Excess clauses

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Excess clauses
Insurance ExcessIt may be agreed in an insurance contract that the insured may recover only a specified 1Y proportion of his or her loss. In motor vehicle and liability insurance, so-called excess
clauses are common. In terms of these clauses the insured must bear a specific proportion of the loss himself or herself, for example the first Rl00 of the loss.

The risk Agreement to insure against a particular risk the The uncertain event insured against is known as the nsk.

Descnption of the risk in the contract is important, because the insurer must know precisely the nature of the risk and the insured, the extent of his or her cover. The parties always agree to insure against the occurrence of a specific (or determinable) event. The insurer’s obligations are always coupled with some event which must cause the result mentioned in the contract, for example a fire which damages the insured’s house.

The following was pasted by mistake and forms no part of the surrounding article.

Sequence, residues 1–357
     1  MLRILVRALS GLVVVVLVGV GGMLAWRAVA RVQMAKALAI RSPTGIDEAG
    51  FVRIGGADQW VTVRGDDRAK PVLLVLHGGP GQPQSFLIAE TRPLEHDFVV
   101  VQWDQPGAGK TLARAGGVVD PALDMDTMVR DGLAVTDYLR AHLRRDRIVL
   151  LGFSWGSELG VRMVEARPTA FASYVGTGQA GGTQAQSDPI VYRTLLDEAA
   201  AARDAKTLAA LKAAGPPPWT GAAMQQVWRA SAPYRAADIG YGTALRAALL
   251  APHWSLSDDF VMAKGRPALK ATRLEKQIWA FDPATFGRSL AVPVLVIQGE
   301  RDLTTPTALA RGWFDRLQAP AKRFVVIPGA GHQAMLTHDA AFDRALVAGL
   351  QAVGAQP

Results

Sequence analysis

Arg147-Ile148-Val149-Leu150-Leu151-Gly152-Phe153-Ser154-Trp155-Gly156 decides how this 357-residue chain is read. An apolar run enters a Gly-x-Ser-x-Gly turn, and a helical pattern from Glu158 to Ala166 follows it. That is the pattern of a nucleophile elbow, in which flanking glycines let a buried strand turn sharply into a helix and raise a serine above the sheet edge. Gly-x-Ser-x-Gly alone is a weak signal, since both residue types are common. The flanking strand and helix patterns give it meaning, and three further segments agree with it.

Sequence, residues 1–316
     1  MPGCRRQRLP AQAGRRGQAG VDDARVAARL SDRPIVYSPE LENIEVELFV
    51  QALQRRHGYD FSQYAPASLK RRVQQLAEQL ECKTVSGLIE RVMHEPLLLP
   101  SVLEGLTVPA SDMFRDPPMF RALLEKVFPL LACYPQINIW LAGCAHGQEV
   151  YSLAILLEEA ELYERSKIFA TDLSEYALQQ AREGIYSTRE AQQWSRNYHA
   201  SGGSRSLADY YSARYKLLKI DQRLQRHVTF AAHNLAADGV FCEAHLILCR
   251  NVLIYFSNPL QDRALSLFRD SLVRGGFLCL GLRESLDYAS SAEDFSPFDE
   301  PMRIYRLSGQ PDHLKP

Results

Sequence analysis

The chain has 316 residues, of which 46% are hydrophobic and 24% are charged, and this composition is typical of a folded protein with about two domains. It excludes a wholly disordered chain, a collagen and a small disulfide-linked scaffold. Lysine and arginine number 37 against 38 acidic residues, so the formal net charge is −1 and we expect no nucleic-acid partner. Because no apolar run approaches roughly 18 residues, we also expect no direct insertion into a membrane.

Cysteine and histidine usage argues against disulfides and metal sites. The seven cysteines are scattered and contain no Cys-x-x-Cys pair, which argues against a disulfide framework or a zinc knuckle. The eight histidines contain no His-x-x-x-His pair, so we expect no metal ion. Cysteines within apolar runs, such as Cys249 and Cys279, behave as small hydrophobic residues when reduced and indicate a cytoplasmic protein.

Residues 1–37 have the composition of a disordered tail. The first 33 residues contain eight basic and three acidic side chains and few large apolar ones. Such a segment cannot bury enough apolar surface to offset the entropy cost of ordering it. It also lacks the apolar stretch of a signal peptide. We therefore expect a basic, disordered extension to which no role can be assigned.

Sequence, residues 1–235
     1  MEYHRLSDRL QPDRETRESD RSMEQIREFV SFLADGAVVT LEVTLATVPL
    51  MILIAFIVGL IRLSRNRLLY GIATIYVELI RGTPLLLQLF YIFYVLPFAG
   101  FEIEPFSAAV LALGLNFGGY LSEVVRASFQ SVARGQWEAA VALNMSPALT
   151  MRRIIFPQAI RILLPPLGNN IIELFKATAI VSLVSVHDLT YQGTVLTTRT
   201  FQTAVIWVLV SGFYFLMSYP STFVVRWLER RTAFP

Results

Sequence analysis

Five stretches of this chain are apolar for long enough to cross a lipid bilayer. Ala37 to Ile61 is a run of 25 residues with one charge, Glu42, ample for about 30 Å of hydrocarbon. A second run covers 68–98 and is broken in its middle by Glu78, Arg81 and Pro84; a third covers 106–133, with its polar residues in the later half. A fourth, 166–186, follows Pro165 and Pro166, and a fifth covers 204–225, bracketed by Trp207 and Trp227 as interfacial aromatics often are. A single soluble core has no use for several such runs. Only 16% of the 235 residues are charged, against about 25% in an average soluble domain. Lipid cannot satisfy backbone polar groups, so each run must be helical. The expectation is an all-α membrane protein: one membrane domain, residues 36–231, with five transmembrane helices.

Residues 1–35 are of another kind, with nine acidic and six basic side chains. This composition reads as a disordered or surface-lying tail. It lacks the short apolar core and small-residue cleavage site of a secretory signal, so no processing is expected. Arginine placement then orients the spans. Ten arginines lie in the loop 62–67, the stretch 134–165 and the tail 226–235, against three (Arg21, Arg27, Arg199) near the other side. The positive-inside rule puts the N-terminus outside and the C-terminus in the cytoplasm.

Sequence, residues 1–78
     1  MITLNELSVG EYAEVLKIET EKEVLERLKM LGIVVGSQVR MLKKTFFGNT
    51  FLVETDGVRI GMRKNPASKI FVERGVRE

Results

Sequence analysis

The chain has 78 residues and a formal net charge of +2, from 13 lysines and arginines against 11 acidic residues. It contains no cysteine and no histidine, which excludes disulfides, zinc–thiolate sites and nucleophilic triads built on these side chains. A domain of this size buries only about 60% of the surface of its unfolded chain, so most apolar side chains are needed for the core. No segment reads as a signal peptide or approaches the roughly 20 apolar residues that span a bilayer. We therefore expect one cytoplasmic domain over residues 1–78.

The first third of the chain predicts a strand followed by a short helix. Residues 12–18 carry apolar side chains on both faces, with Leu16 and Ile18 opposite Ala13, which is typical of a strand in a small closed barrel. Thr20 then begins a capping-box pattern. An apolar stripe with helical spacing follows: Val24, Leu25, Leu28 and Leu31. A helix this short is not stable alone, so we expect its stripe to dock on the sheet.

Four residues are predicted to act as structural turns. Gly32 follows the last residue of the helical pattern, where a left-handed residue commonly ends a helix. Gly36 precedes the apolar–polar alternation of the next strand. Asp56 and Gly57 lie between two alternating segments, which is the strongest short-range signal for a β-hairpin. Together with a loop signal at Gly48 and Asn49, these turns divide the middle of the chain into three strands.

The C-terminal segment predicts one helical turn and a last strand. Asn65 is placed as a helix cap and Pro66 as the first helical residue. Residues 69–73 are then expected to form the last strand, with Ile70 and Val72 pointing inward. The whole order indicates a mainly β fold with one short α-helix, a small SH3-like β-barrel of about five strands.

The description of the risk must include: the
(a) the object insured, for example a motor car, or a person’s life
(b) the hazard insured against, for example theft
(c) circumstances affecting the risk, for example limitation of the insurance to theft of a motor car while it is parked in a specific place
A number of other factors may also affect the risk. The risk and its circumstances may be further refined by qualifications relating to time and place. For example, the parties may agree that the insurer will only be at risk for a certain time of day or limit,
define or add exclusions to the risk. An exclusion clause will stipulate that the insurer I will not be liable if the risk materialises under certain circumstances. A clause
providing that that insurer will not be liable for damage occurring to a vehicle whilst being driven by an unlicensed driver, is an example of an exclusion clause.

Author: P Havenga

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